The Navy’s UAV family is growing | Europe unveils its 1st homemade drone | Israel postponed Arrow-3 testMay 03, 2018 05:00 UTC
- Special Operations Command is contracting AAI Corp., Hunt Valley for the continuation of its MEUAS II-B services. The contract is valued at $120 million and provides for intelligence, surveillance, and reconnaissance (ISR) services on its mid-endurance unmanned aircraft systems. AAI Corp., a Textron subsidiary, so far has received similar contracts in 2012 and 2016. AAI Corp. manufactures the Aerosonde and the Shadow v2 UAV’s. Currently it cannot be confirmed which UAV will be chosen. However considering past purchases, one can assume that AAI’s Aerosonde will be the likely winner. The Aerosonde and the Shadow v2 are direct competitors to Boeing’s/Insitu ScanEagle UAV system.
- Raytheon Missile Systems Co., Tucson, Arizona, has been awarded a contract modification in support of ballistic missile defense efforts. The contract is valued at over $387 million and allows Raytheon to procure a limited subset of items necessary to maintain schedule for eventual manufacture, assembly, test and delivery of 20 Standard Missile-3 (SM-3) Block IIA missiles and related efforts. SM-3 Standard missiles, also known as Ballistic Missile Killers, have been the backbone of the US Navy’s ballistic missile defense plans for many years now. The missile will be the mainstay of naval Anti-Ballistic Missile defense and can also fulfill an “outer air” role via long-range kills of bombers carrying cruise missiles. The SM-3 uses the RIM-156 test program’s airframe and propulsion/booster, then adds a third-stage rocket motor, a GPS/INS guidance section and a LEAP) kinetic warhead. At present, SM-3 is in naval service with the USA and Japan, may be ordered by the Netherlands for its air defense destroyers, and is set to play a key role in Europe’s land-based missile defenses from bases in Romania and Poland. The modification increases the total cumulative face value of the contract to $1.1 billion. The work will be performed in Tucson, Arizona and is set to be completed by April 2022.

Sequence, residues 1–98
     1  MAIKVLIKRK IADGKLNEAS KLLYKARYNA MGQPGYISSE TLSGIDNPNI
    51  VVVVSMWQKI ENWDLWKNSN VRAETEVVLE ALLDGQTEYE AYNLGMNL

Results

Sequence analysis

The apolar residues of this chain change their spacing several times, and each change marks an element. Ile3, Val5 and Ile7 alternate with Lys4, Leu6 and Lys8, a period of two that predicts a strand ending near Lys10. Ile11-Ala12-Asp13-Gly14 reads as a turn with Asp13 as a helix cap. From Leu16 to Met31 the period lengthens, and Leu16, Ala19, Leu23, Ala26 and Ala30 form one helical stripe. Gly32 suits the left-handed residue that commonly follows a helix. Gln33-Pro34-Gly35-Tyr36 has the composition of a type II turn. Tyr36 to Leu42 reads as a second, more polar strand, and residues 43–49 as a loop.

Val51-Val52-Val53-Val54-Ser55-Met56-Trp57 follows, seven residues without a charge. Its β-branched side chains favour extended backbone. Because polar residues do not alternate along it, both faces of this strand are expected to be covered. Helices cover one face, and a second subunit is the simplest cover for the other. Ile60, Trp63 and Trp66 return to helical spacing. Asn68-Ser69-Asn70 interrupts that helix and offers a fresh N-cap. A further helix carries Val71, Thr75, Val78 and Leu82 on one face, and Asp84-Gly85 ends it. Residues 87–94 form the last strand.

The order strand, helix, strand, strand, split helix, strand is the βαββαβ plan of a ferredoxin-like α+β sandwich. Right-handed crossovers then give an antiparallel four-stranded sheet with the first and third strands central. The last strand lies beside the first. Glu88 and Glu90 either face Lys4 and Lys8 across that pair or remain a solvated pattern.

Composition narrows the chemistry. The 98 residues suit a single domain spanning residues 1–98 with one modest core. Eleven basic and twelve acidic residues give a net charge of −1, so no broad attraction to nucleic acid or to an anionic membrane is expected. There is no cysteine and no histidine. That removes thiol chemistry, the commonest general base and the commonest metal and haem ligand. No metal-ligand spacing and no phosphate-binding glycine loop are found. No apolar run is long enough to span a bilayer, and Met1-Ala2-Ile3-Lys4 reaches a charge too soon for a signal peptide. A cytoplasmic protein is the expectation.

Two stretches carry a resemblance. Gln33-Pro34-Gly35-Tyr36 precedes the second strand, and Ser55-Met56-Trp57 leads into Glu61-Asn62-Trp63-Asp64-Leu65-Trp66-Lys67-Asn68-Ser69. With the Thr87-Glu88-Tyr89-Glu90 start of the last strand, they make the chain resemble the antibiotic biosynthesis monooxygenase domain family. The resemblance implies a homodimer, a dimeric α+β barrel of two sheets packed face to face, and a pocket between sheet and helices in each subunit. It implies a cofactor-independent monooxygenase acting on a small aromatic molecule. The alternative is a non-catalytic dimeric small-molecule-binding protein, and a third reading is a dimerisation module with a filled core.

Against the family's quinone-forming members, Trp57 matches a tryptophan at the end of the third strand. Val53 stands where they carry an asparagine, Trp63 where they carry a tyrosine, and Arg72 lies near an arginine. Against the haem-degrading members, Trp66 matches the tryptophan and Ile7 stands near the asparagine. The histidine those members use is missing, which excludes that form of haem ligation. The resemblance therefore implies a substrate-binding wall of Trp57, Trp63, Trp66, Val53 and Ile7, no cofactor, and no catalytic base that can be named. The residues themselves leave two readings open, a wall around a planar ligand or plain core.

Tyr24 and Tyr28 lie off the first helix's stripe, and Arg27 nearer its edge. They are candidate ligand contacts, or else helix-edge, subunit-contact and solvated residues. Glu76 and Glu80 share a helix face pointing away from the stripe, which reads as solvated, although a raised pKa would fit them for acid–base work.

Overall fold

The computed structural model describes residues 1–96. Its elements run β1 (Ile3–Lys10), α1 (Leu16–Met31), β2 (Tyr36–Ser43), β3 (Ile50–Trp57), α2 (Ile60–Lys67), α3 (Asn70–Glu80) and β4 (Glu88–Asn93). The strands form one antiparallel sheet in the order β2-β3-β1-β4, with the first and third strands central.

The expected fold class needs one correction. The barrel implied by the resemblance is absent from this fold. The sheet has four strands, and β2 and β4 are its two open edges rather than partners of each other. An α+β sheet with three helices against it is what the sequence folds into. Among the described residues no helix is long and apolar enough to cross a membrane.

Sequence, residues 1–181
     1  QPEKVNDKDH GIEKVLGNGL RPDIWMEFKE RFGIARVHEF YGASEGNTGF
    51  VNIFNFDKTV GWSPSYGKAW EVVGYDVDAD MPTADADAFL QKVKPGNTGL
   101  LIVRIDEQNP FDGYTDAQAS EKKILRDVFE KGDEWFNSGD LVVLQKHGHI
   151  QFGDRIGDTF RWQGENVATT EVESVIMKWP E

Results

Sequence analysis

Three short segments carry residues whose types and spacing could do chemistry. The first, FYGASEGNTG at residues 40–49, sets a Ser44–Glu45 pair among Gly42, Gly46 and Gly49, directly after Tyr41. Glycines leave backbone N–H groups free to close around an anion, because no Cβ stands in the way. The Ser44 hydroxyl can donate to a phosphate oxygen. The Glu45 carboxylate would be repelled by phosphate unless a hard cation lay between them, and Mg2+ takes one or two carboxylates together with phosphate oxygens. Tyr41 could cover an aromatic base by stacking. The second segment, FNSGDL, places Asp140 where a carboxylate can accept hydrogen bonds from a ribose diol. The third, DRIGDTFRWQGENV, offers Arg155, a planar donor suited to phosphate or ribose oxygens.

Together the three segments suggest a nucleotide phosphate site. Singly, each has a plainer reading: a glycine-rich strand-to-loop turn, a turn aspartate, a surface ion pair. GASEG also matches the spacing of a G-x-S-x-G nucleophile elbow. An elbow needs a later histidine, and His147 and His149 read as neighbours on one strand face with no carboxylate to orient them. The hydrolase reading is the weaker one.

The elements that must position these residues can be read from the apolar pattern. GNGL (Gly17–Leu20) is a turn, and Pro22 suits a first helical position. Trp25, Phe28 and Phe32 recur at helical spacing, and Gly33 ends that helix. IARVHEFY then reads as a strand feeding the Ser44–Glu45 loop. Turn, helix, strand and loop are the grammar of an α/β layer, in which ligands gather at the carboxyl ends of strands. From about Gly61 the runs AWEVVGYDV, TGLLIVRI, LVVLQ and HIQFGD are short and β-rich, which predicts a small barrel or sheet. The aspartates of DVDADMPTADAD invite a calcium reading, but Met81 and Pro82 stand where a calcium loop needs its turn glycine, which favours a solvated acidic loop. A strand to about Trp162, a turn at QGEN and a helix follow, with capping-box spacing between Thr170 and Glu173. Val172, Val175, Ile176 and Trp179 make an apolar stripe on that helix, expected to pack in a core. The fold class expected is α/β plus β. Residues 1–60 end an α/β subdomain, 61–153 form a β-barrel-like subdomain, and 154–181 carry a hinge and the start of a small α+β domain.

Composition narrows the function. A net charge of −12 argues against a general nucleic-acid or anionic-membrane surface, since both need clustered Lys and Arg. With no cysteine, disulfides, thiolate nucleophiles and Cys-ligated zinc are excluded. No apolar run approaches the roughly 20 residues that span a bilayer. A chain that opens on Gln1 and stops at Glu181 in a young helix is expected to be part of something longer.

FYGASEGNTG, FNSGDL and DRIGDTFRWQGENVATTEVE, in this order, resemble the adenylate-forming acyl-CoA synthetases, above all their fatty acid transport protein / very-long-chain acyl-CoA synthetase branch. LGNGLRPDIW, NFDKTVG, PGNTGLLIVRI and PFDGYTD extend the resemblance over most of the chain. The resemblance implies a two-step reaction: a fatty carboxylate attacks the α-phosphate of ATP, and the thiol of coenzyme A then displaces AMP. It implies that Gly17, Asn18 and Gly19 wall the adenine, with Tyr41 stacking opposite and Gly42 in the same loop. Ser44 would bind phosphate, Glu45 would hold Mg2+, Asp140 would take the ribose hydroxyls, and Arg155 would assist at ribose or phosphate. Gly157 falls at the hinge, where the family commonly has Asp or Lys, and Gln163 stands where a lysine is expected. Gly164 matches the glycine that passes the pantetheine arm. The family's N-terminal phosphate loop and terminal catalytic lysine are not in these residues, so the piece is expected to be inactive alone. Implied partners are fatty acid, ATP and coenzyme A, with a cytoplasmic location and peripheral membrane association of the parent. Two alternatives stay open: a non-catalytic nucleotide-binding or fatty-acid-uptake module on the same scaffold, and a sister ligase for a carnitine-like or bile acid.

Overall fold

- The US Navy is looking to extend its “Group 5” fleet of unmanned air systems within the next decade. “Group 5” fleet includes the largest and most capable UAS in the US inventory. So far only three aircraft types are in development or production. The systems in question are the MQ-9 Reaper, the RQ-4 Global Hawk and the MQ-4C Triton. By design, these large and long-endurance aircraft operate in secluded airspace as far as possible from manned aircraft, each performing their singular missions in safe isolation. The next addition to the “Group 5” will be the MQ-25 Stingray. With its implementation the US Navy seeks to close the gap with between UAS and manned aircraft by adding a system that is designed from the outset to operate within meters or less of large manned aircraft. For the first time in an aircraft development program, the Navy will assume the role as the lead systems integrator and will responsible for the development of the MQ-25’s carrier-based cockpit as well as for delivering the upgraded Carrier Vessel and Nuclear Segment which includes modifying the joint precision approach landing system and the airborne launch and recovery equipment systems. The Navy has earmarked about $2.2 billion in the budget through fiscal year 2022 to spend on the air system component of the MQ-25 program.
Middle East & Africa